Religious difficulties with a world currency currently exist. According to the futurist view, to overcome the extant difficulties the Antichrist will use forced religious syncretism (i.e. amalgamations of different religions in the name of counterterrorism and world economic stability) to enable the creation of the currency. Some interpret the mark as a requirement for all commerce to mean that the mark might actually be an object with the function of a credit card, such as RFID microchip implants. In Christianity, some believe the implantation of chips may be the imprinting of the Mark of the Beast, prophesied to be a requirement for all trade, and a precursor to the events of the second half of the Book of Revelation.
Historicists believe Revelation articulates a full range of the history of the Christian church, from John's day to the Second Coming of Christ. The author alludes to Daniel 2:28 and 45; Daniel's vision (Daniel 2) uses symbols giving a sequence of future events in history, from the Babylonian empire, through Medo-Persian period, Greece and Rome continuing until the end of the current civilization. This apocalyptic volume builds on Daniel's approach focusing on major points of Christian history: the cross of Christ (Rev. 5:6,9,12); the Second Coming (Rev. 14:14-16; 19:11-16); the 1,000 years in heaven (Rev. 20:4–6); the third advent of Christ to earth along with his loyal followers and the destruction of Satan and those who refused Christ (20:7–15); and the creation of a new heavens and a new earth where death, sorrow, and sin cease and God dwells with His people (Rev. 21:1–8, 22–27; 22:1–5). The Book of Daniel is divided into two parts—the historical narrative of the captivity of Judah and the prophecies pointing to both promised Messiah and the events of the end of the world. Attention to the text of Revelation aids the student of Bible prophecy by showing how the Apostle John and Jesus intended us to interpret Bible apocalyptic literature as found in Daniel.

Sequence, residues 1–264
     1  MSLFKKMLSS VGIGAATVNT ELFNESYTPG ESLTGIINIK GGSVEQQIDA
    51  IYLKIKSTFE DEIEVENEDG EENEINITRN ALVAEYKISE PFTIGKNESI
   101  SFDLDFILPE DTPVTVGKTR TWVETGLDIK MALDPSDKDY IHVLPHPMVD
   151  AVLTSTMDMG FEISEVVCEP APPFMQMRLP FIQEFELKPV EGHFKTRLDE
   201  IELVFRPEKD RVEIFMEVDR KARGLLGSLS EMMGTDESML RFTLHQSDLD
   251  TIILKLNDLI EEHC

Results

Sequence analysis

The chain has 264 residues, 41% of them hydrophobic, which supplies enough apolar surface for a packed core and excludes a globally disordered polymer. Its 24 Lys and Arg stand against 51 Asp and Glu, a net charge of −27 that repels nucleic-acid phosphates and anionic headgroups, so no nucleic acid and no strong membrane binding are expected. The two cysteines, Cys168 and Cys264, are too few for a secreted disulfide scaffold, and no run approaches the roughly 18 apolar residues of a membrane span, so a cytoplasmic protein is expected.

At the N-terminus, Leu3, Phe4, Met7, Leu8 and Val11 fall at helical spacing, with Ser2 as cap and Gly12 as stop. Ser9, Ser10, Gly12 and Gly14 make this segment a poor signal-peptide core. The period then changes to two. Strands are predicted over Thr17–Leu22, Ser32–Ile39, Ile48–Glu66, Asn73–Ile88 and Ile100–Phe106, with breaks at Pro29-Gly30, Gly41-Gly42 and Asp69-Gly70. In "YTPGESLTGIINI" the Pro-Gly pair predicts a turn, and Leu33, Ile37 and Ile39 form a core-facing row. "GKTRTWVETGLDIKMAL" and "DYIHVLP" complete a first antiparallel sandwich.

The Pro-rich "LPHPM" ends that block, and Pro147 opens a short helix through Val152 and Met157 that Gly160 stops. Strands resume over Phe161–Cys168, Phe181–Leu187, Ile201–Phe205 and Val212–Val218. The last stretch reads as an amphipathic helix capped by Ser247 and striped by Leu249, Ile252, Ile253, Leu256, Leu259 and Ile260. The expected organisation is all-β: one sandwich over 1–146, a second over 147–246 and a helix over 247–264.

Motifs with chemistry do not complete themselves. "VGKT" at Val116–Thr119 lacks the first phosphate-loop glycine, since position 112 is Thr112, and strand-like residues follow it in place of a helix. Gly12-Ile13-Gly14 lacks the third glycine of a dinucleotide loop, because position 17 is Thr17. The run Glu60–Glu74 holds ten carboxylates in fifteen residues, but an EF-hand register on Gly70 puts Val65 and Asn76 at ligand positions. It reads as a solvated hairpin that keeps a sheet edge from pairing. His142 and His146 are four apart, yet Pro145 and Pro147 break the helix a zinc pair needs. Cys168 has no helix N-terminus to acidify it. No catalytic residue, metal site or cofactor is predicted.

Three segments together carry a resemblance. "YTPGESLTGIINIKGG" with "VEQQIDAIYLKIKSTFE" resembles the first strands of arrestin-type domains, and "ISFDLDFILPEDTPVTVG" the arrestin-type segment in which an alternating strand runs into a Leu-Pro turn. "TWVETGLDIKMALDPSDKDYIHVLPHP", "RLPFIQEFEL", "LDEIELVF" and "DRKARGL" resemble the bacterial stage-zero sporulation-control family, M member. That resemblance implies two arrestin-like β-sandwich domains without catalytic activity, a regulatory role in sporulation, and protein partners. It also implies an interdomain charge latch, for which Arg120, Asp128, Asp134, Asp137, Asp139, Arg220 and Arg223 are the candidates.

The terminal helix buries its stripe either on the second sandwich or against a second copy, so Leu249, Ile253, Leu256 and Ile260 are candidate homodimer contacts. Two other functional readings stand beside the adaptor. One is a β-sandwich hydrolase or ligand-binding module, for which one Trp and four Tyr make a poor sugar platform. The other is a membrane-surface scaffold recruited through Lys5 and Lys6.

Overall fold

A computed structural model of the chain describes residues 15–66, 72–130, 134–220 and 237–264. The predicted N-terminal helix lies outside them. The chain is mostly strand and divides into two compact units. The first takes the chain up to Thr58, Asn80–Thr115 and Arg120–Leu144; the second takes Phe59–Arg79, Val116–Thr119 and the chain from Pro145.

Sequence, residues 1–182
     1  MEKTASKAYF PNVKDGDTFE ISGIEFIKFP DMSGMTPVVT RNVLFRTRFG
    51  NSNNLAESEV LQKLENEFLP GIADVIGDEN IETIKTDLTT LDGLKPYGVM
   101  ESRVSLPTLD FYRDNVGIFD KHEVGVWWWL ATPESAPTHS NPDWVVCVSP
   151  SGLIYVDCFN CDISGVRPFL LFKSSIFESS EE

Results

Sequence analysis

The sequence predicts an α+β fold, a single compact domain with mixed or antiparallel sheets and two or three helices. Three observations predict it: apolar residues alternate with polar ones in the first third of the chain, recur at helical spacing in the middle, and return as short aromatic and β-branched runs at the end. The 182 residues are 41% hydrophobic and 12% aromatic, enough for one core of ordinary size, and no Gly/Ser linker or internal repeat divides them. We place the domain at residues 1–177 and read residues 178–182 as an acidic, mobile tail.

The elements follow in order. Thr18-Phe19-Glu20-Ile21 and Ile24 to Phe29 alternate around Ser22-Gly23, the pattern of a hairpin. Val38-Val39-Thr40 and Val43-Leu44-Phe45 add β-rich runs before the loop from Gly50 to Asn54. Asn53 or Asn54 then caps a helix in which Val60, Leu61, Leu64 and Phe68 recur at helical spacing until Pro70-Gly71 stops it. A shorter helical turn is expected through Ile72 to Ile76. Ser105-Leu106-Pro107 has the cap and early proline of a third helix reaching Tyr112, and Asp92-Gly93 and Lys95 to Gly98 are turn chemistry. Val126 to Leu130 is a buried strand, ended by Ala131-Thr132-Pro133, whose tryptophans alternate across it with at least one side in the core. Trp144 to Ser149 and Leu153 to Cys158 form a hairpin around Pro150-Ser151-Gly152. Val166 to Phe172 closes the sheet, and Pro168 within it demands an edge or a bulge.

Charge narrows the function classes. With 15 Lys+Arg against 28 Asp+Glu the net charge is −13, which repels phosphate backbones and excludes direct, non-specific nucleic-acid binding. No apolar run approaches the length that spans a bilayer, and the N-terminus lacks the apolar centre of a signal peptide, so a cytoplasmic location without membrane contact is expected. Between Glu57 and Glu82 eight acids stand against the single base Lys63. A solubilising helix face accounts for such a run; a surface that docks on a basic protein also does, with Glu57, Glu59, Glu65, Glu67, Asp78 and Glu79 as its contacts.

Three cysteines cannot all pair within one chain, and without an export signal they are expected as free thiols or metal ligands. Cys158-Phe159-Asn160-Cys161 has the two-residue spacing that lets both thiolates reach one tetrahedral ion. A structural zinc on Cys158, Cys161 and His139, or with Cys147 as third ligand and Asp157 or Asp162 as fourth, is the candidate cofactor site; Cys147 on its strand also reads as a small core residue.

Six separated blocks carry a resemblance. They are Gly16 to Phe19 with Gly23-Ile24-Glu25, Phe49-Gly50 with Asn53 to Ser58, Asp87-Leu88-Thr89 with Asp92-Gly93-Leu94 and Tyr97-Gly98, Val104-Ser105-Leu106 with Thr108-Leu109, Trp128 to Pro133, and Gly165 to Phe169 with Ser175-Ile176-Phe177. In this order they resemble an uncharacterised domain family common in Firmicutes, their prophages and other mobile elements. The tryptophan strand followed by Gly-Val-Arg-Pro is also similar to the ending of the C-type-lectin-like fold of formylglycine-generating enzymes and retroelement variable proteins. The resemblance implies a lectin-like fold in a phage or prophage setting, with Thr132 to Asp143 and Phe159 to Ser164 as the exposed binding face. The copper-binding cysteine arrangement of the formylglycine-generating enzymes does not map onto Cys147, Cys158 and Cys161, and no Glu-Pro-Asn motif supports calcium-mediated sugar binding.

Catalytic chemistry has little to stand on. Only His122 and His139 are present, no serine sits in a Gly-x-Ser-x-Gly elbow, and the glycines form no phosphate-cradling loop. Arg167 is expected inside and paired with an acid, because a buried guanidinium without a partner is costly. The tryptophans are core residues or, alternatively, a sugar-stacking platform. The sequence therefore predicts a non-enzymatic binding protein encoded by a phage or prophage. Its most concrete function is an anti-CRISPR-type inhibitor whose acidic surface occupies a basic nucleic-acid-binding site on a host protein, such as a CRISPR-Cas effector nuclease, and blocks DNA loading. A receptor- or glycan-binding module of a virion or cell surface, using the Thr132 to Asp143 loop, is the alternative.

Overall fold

Seventh-day Adventists taking this view believe that the Mark of the Beast (but not the number 666) refers to a future, universal, legally enforced Sunday-sacredness. "Those who reject God's memorial of creatorship—the Bible Sabbath—choosing to worship and honor Sunday in the full knowledge that it is not God's appointed day of worship, will receive the 'mark of the beast.'" "The Sunday Sabbath is purely a child of the Papacy. It is the mark of the beast."
In the writings of the Bahá'í Faith, `Abdu'l-Bahá states that the numerical value given to the beast referred to the year when the Umayyad ruler Muawiyah I took office as Caliph in 661 AD. He opposed the Imamate, according to the beliefs of Shia Islam, who continued to pay the tax required of nonbelievers and were excluded from government and the military, and thus bore a social "mark". (See also the scholarly accepted year of birth of Jesus about 666 years before as well as the concept of Mawali who were non-Arab Muslims but not treated as other Muslims.)
Jehovah's Witnesses believe that the beast identified by the number 666 represents the world's unified governments in opposition to God. The beast is said to have "a human number" in that the represented governments are of a human origin rather than spirit entities. The number 666 is said to identify "gross shortcoming and failure in the eyes of Jehovah", in contrast to the number 7, which is seen as symbolizing perfection.
Fear and superstitionEdit
The phobia has been a motif in various horror films such as The Omen and its 2006 remake, and in music albums such as Iron Maiden's The Number of the Beast. The Number of the Beast also appears in other films such as Pulp Fiction, The Doom Generation, End of Days, Bedazzled, and The Phantom of the Opera.
Some women expressed concern about giving birth on June 6, 2006 (6/6/06).
In November 2013, Codie Thacker—a cross-country runner at Whitley County High School in Williamsburg, Kentucky—refused to run in her Kentucky High School Athletic Association regional meet, forfeiting a chance at qualifying for the state championships, when her coach drew bib number 666.
In 2015, US Representative Joe Barton had the number of a legislative bill he had introduced changed from 666 to 702 because "the original bill number carried many different negative connotations", according to a spokesperson.
In 2017, church leaders in Papua New Guinea were concerned by newspaper reports that the Governor-General had been requested to sign 666 writs for an upcoming election. They were reassured by the Electoral Commissioner that the number merely reflected 6 copies of each writ for 111 electorates.
In October 2017, flight AY666 from Copenhagen to Helsinki (HEL) departed for the last time before being renamed. Since 2006, the flight had been scheduled on a Friday the 13th on 21 occasions. Although a Finnair spokesperson said that the number has not been renamed due to superstitious passengers, the flight has nonetheless been renamed to AY954.